In an interview with the German magazine Die Zeit this week, Pope Francis spoke about the Roman Catholic Church’s priest shortage, which has left Catholics in many rural areas without a clerical leader. The interviewer asked whether viri probati, or married men with a proven fidelity to the Church, might be able to join the priesthood. “We must think, yes, viri probati are a possibility,” said Francis, according to a translation published by the Catholic News Agency. “But then we must also consider what tasks they could perform, for example in isolated communities.”

The pope’s comments are not a sign that major changes are coming to the Catholic Church. He affirmed that celibacy is still an important tradition, and suggested only that he’s open to the possibility of studying exceptions. But his comments do show that he’s keenly aware of the effects of the major priest shortage in the Church. His Argentinian background may be one reason why he’s focused on this issue; the problem is particularly acute in Latin America.

Should the pope decide to change the celibacy tradition, that would come with significant challenges. “Someone who is preparing for the priesthood now has about a six-year training before him. How will he do that with other men who have ... a family?” said Kurt Martens, a professor of canon law at the Catholic University of America. “You’re looking into a number of difficulties that need to be studied first before it’s a done deal. Just saying that you’re open to discussion doesn’t mean that you’ve caused a revolution.”

While Francis’s comments might seem like a sign that he’s further liberalizing the traditions of the Church, Martens said this was “absolutely not” the case. “I’m surprised that after four years of Pope Francis, we are not used to what he says and how to read what he says,” Martens said. “Remember the ‘Who am I to judge?’ comment [on homosexuality]? Everyone thought he was changing Church teaching. But he was just paraphrasing in his own words the Church teaching.”

Married men can already serve a number of roles in the Church. For roughly five decades, they have been allowed to serve as deacons—leaders who preach, conduct weddings and funerals, and perform baptisms. In Eastern rite Catholic churches, priests can be married, as can Anglican priests who convert but were married before they became Catholic. Francis has often commented that he’s open to studying new forms of leadership in the Church; in May, for example, he said he was open to looking at the possibility of women deacons.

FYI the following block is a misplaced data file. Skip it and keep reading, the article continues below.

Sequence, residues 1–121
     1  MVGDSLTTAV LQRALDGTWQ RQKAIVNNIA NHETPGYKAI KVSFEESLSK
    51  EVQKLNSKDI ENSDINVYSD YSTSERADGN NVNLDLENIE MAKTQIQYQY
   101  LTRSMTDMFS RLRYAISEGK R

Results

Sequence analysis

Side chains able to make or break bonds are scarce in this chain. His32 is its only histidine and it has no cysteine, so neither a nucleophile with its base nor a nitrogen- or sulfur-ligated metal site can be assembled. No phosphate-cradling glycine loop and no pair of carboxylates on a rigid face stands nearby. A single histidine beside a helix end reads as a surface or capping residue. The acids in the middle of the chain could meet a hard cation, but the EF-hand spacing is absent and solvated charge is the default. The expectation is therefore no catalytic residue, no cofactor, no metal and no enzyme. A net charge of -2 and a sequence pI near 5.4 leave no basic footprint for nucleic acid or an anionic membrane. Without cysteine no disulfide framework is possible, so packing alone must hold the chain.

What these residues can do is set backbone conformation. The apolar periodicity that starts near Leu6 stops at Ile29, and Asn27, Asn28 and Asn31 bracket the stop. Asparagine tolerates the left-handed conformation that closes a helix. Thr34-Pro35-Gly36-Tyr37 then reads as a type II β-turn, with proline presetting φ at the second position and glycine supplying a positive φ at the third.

In general, though, Catholic priests remain celibate according to the traditions of the Church. “Celibacy is what you’d call a disciplinary norm,” Martens said. Unlike the question of women serving in the priesthood, he added, priestly celibacy is not a matter of dogma. Thomas Green, another professor of canon law at Catholic University, noted that while celibacy is “a strong part of the Latin tradition,” meaning the Catholic Church in the West, “it really wasn’t concrete until around the late 1100s and 1200s.”

Pope Francis does not seem open to eliminating the celibacy requirement for most priests, saying during the interview that “optional celibacy is not the solution.” Prayer is the best answer, he noted. But especially in “isolated communities  … the Church is weakened.” Deacons aren’t able to offer communion, also known as the celebration of the Eucharist, and “a Church without the Eucharist doesn’t have strength,” Francis said. The lack of priests in certain communities “is a serious problem.”

“Just saying that you’re open to discussion doesn’t mean that you’ve caused a revolution.”

According to the Center for Applied Research in the Apostolate at Georgetown University, the total number of priests around the world has dipped since 1970, when there were an estimated 419,000 priests worldwide; as of 2014, there were roughly 414,000 priests. But this population is rapidly aging, especially in places like the United States, meaning that communities in the growing global Catholic Church may be left without a priest. As of 2014, more than 49,000 Catholic parishes worldwide had no priest, according to CARA, compared to just 39,000 in 1970.

The campaign to allow married men to serve as priests is driven largely by places like Brazil, which has an estimated Catholic population of between 126 and 163 million people, according to the Pew Research Center. In December, The National Catholic Reporter wrote that Cardinal Cláudio Hummes, a Brazilian in the Roman Curia, has pushed Francis on the issue. According to NCR, Brazil has only 1,800 priests, leaving large swaths of the population without a way to fully participate in Catholic life. “They only have access to a priest relatively rarely, so folks can’t have access to the Eucharist, which is so fundamental,” Green said. “For significant numbers of folks to be deprived of regular access to the Eucharist—it’s a major problem and pastoral issue.”